American Power Group and WheelTime Network announced that they're teaming up, with WheelTime member companies marketing and installing APG's dual-fuel natural gas and diesel aftermarket conversion system.

APG's Vehicular Turbocharged Natural Gas System is a non-invasive, patented system offering a 300-800 mile dual fuel range with no loss of power and torque, according to the companies. If the truck runs out of natural gas and there's no fueling station available, it can run entirely on diesel.

Depending on the route profile, it can deliver an average annual net fuel savings of 15%-30% over 100% diesel fuel by displacing an average of 50% of the diesel with natural gas. It works with either compressed natural gas or liquefied natural gas.

With no practical design limits for engine models or horsepower, the APG system is currently EPA-approved for 88 engine families and is expected to receive EPA approval for more than 200 additional engine families by the end of 2013. (EPA changed its conversion approval regulations in 2011, making it easier for dual-fuel system to be certified to be used on different engine models. APG says it was the first to get an engine approved under the new guidelines.)

The APG system offers the flexibility to return the vehicle to 100% diesel operation at any time. At end-of-life or vehicular rotation, the APG system and natural gas tank can be easily removed and installed on another EPA approved engine.

The WheelTime Network's 18 member companies provide installation and warranty support through nearly 200 service centers, 2,800 service bays, 3,000 factory-trained technicians and 30 training facilities located across the United States and Canada.

We see natural gas as an important and necessary development in our industry. Accordingly, WheelTime made a strategic decision earlier this year to begin taking the necessary steps to become a center of excellence for the installation and service of natural gas engines, says Mike Delaney, president and CEO of WheelTime.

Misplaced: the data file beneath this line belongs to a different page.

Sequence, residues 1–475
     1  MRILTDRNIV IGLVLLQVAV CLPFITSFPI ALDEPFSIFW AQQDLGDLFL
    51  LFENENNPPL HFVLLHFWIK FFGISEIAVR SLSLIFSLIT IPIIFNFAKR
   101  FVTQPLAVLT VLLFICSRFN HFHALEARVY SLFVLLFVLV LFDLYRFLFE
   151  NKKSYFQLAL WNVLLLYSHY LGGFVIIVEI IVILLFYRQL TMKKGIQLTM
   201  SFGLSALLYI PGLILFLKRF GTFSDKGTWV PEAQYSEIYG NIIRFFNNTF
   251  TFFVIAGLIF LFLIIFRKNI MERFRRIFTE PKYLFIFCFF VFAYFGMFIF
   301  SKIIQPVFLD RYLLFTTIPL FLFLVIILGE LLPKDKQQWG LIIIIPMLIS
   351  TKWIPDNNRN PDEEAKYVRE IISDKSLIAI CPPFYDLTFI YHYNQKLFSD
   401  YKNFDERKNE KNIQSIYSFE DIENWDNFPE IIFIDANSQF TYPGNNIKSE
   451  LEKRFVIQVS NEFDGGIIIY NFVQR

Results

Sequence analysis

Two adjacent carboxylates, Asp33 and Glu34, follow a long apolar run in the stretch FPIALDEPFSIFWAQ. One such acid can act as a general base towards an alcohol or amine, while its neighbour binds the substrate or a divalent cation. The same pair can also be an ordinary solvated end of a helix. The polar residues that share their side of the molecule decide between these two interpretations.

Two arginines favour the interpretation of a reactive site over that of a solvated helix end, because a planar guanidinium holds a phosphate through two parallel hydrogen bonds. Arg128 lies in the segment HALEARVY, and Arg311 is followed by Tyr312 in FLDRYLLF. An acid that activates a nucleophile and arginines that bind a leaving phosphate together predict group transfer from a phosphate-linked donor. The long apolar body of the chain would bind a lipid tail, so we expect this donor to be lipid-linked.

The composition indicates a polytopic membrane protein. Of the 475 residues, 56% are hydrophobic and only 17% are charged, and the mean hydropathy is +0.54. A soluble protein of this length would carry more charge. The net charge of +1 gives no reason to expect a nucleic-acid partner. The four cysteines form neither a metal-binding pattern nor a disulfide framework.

The key to APG's dual-fuel technology, explains Lyle Jensen, CEO of American Power Group, was advances in engine electronics and software to manage the flow displacement natural gas. Unlike some other dual-fuel systems, he says, they did not have to make any changes to the engine's fuel injection system.

"We've stayed away from having to design a custom fuel injector, which is very expensive," he says. "We use a variable throttle body controller with our software, so we can introduce natural gas through the pre turbo."

WheelTime's Delaney says his company believes natural gas as a vehicle fuel, and dual fuel technology, is here to stay.

"The dual fuel technology class I think is a game changing movement for evolution of natural gas transportation," he says. "Up to this point market has been forced to be relatively niche, with up to $100,000 up charge on new natural gas engines, which limits the number of applications."

When his company researched the market, he says, they felt APG's dual-fuel solution was the best fit.

"APG has more engine family approvals than any other player, partly because their process is reliably simple, not dealing with injectors, pressure and heat, very little that actually changes the working of the engine the way the OE designed it. It's not intrusive technology. The engine gets to perform the way it was designed to."

Delaney points out that APG has been using the same technology successfully in off-road and stationary diesel engines for more than five years, and recently went through successful on-road fleet testing in Australia.
About the author
Deborah Lockridge

Deborah Lockridge

Editor and Associate Publisher

Reporting on trucking since 1990, Deborah is known for her award-winning magazine editorials and in-depth features on diverse issues, from the driver shortage to maintenance to rapidly changing technology.

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